Monday, July 25, 2011

Shut Ins

Many special needs children have behavior traits that make going out in public a challenge or even an embarrassment. It's not that parents of special needs children are ashamed of their children. In fact it's quite the opposite. But sometimes after bad experiences, it's just easier to stay out of the public eye and avoid the stares.

Whitney has an obsession with dogs that causes problems when we go out. We love taking walks or going to the park. But we have to decide each time we go out if we have the energy to endure the inevitable tantrum that comes when she spots a dog. Often, the dog owners we encounter are kind enough to let Whit pet their dog for a bit. But eventually we have to go home or the dog's owner does. This is usually when the uncontrollable fit starts. Often Whit will scream, throw herself down, hit herself and refuse to move. And once she launches into a tantrum it's very difficult to get her calmed down again. Very often I'll just pick her up and cart her home.

The tantrum is difficult but sometimes the stares of passers-by is even more challenging. And the experiences even get worse sometimes. Various 1p36 Deletion children, including Whitney, have episodes of poop smearing. This isn't something I've ever brought up before because it's extremely uncomfortable to talk about. I'm not sure what causes this behavior but I can say how difficult it is to deal with. And it's bad enough when it happens at home. But it can happen at school, church and other public places. In fact it happened at church yesterday. And before the shocked teacher's of Whitney's little class could locate Melanie, Whit had it all over her hands, dress and even in her mouth. If you're feeling queasy after reading that last bit, it's okay. Talking about this makes my stomach churn too. Melanie was able to get Whit cleaned up and people at church are patient, but dealing with the embarrassment is probably the most difficult part.

So what's a special needs parent to do? The easiest thing would be to give up and stay home. At least there we could hide some of the troubling behavior. But Melanie and I feel strongly that nobody in our family becomes a shut in. So we will continue to get out as a family and Whitney will continue to go to school, church, birthday parties and other things that typical children get to experience. We will persevere, but we're grateful for the patience of those around us. Our family is certainly unique, but we're determined not to get shut in, no matter the cost. We'll see you out walking in the neighborhood, at the park or at church. But don't worry, we'll bring plenty of hand sanitizer and baby wipes with us!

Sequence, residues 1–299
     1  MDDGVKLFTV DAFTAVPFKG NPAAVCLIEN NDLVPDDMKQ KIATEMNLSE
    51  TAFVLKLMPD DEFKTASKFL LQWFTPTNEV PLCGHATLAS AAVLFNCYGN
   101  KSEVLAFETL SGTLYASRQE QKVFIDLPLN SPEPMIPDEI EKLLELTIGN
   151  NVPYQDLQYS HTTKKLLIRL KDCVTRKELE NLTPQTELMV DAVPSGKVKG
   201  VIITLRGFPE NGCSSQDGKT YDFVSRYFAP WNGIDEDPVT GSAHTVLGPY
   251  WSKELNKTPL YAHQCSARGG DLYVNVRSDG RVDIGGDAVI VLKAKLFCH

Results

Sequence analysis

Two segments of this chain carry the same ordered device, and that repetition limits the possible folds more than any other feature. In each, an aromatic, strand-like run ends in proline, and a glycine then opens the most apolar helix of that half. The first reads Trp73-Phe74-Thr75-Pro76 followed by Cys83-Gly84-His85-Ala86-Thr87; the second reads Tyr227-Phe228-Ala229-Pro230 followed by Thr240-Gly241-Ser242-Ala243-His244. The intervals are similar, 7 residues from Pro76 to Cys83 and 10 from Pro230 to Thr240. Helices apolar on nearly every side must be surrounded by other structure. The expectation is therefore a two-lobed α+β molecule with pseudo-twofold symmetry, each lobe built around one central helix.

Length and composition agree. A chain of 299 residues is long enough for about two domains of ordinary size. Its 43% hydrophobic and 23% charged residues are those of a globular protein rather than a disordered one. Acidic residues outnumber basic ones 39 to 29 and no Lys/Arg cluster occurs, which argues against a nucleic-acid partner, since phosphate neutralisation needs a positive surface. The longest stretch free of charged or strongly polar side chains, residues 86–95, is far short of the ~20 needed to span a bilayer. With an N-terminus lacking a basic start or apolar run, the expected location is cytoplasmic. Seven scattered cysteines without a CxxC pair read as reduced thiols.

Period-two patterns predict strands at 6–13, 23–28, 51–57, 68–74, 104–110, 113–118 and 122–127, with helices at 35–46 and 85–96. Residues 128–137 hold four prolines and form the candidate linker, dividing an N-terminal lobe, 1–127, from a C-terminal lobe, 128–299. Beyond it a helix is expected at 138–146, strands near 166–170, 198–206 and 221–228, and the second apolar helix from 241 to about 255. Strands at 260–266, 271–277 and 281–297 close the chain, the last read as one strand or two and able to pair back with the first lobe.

Heather Thorup said...

Oh my goodness, poor Melanie! That must be so rough. I can't even imagine; you guys are so strong to keep going and staying positive.

John Casper said...
This comment has been removed by the author.
John Casper said...

I agree with this 100%, you put in words exactly how I feel sometimes. Shay was doing this yelling/stuttering thing recently, and it didn't bother me really until she was doing it in public. People were acting weird about it and then it hit me that it was a behavior we had to help her to stop.
We have some pretty crazy poop stories too! It's funny sometimes, but most the time not.
It's such a learning experience for me with Shay. I have had to make myself become a more patient person.
We love Whitney no matter what!!!
Thanks for sharing!

Nate said...

Thanks Heather and Tressa! It's good to know we're not alone in all this.

Angie said...

Thank you Nate for this post. Your feelings are our feelings too. You did a nice job writing this.

Nate said...

Thanks, Angie. I just wish I had a better solution for all the behavior issues so many of us are seeing. None of us wants to be Boo Radley but sometimes it just feels easier to stay home.

Genevieve Ross said...

Thank you for posting about such a sensitive topic. I think you do a great job balancing talking about the many joys as well as the harder times in raising a child with disabilities. We all struggle with these things and although talking about it often does not lead to an answer, it is important to be able to talk about it.

Great to read your recent post about your trip to Yellowstone. Looks like you all had a great time. And it is great to see and hear about how well Whitney is walking these days. She is amazing!

Your other two are also very cute and it is neat to see them growing so quickly.

Nate said...

Thanks Genevieve! Sure hope things are going better for you guys. We think of you often and hope Zoe continues to regain her strength!

Jenny said...

Oh I wish we all did not have to deal with these things. It does make life so interesting though. Taylor is starting to throw little tantrums when we are out. She stomps her foot yells no and folds her arms and makes it well known that she is very upset. As far as the other, I'm so glad that Taylor has her own bathroom as we never know what we are going to find in there. It is getting better but pooping is such an ordeal at our house and It is always a fun mess to clean up. Hang in there. Thanks for expressing all our feelings so well.

Trine said...

Firstly, I am so sorry that I have found you in my search for contributors to my book. My name is Katrina and I ask that you please take a look at my blog - it tells all about the book I'm trying to put together. I am trying to gather a compilation of stories from Mums and Dads that have at some point received the news that there is something wrong with their child. In the hope that, with stories of honest reactions we may help others that hear this news feel a little less alone. In advance, I thank you for looking at my blog and please feel very free to share it around. Thanks, Trine